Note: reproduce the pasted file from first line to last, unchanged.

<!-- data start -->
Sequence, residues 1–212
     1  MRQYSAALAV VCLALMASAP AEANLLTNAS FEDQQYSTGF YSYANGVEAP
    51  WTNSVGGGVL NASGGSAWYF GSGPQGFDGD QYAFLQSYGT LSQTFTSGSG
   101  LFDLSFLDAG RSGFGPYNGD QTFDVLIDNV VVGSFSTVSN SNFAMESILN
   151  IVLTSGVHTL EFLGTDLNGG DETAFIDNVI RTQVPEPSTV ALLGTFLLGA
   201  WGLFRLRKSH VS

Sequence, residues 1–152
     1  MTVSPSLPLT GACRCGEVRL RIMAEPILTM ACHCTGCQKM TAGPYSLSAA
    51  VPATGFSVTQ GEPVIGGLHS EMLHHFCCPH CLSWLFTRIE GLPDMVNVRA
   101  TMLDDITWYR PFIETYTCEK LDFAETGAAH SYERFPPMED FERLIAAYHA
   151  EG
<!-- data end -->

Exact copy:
Sequence, residues 1–212
     1  MRQYSAALAV VCLALMASAP AEANLLTNAS FEDQQYSTGF YSYANGVEAP
    51  WTNSVGGGVL NASGGSAWYF GSGPQGFDGD QYAFLQSYGT LSQTFTSGSG
   101  LFDLSFLDAG RSGFGPYNGD QTFDVLIDNV VVGSFSTVSN SNFAMESILN
   151  IVLTSGVHTL EFLGTDLNGG DETAFIDNVI RTQVPEPSTV ALLGTFLLGA
   201  WGLFRLRKSH VS

Sequence, residues 1–152
     1  MTVSPSLPLT GACRCGEVRL RIMAEPILTM ACHCTGCQKM TAGPYSLSAA
    51  VPATGFSVTQ GEPVIGGLHS EMLHHFCCPH CLSWLFTRIE GLPDMVNVRA
   101  TMLDDITWYR PFIETYTCEK LDFAETGAAH SYERFPPMED FERLIAAYHA
   151  EG